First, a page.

In the book, he shows to first step over with your right leg, then hook under with your left. The left leg goes behind the other knee (figure-four), and the right foot goes around the front to grapevine the outside of their foot, for a reverse lockdown. You end up here:
(Photos from BJJ.com.au.)
That probably doesn't sound too odd, but watching the Twister DVD, I only remember seeing him hook with his bottom leg first. Not his top leg.
Also, before I worked out exactly what the book was trying to show, the way it looked like he was catching their leg lead me to grapevine my legs the wrong way, so that when I did the twister roll, my lockdown would come off. I kept trying to make the way he showed work (hooking with my top leg, then bottom leg, then figure four, then grapevine) but I kept losing the move while I spent my time switching my legs around. I eventually gave up on that and went with the simpler way (hooking with my bottom leg, figure four and grapevine) and enjoyed more success.
Someone can correct me if I'm remembering the book wrong (I lent mine to a friend so I can't check) but I couldn't figure out why he showed to catch the leg the way he does, other than it possibly serving to "feed" the other leg in.
12/20/2005 10:13am, #3
A brown belt was watching my spar last night, and when the round ended, he said "All you've done tonight are Eddie Bravo moves." So you could say this book affected my game.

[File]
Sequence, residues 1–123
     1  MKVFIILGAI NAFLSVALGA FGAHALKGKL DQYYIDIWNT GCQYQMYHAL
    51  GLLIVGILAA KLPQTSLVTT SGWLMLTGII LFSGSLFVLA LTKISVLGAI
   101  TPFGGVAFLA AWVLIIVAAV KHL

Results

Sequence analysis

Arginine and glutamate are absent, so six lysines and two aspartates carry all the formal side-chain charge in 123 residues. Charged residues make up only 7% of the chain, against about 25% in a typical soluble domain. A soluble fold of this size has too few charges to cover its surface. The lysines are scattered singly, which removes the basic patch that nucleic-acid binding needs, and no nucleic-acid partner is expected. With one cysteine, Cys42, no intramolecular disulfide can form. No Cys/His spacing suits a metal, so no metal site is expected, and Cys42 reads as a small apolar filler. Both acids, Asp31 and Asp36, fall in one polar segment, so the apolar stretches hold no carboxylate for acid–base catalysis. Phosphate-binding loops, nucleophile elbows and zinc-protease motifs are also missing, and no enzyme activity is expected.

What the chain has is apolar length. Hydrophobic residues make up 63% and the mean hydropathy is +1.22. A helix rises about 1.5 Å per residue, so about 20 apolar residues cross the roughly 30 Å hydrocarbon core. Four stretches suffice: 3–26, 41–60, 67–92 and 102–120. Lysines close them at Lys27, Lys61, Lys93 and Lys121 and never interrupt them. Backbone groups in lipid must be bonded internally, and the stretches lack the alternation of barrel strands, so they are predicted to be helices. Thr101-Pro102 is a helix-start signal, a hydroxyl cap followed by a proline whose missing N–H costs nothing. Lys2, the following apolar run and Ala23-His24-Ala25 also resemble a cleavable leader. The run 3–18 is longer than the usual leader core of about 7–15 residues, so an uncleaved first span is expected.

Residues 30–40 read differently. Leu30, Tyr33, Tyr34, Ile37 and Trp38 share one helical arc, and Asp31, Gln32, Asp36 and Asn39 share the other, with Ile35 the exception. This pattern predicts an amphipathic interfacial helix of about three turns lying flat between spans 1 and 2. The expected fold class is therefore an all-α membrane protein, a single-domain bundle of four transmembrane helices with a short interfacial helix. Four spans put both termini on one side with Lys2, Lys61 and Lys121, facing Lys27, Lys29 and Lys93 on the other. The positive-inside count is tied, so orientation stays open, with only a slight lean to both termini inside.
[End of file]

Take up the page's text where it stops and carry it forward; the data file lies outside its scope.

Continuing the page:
12/20/2005 4:25pm, #4
- Join Date
- Feb 2004
I still feel like I haven't scratched the surface on the techniques in this book, but I love them never-the-less.
Working the halfguard stuff alone has been awesome and I've started using techniques in the book on a regular basis.
That being said, this isn't a good book to buy when you are first starting submission grappling. Many of the techniques are a bit on the difficult side, and while the pics are good, to a person just starting out there is lots of room for confusion.
With that out of the way, for any person that likes to grapple, and for the price this book goes for, I totally, 110% recommend it.
12/20/2005 4:28pm, #5
- Join Date
- Mar 2005
- MA, U.S.
Best Jiujitsu book ever. I did a rubber guard omoplata last night on my instructor (didn't finish it of course), and after we finished rolling he asked me if I had been reading Eddie Bravo's book. It's definately a useful book with distinct moves. I'd recommend it to anyone.
But then I'm a noobie white belt.
12/20/2005 8:04pm, #6
- Join Date
- Jul 2003
12/20/2005 10:05pm, #7
- Join Date
- Sep 2004
- Soviet State Of Kalifornia
Fucken Aeso making me spend money again!
To fight and conquer in all your battles is not supreme excellence;
Supreme excellence consists in breaking the enemy's resistance without spilling your Guinness.
Sun "Fu Man JhooJits" Tzu, the Art of War & Guinness
12/22/2005 4:26pm, #8
This is one of the few books that are worth owning.
Almost everything in there I have put to practical use, even against much larger opponents.
12/22/2005 4:44pm, #9
It's like secret ninja knowledge or something, at least until they catch on...
12/22/2005 5:10pm, #10
Would you say this book is suitable for grapplers of any level or is there a set of prerequisites to getting the most out of it? I'm likely going to get Ed Beneville's The Guard and Helio's master text after the holidays but if this book has expanded your game that much I'd be interested in buying it too.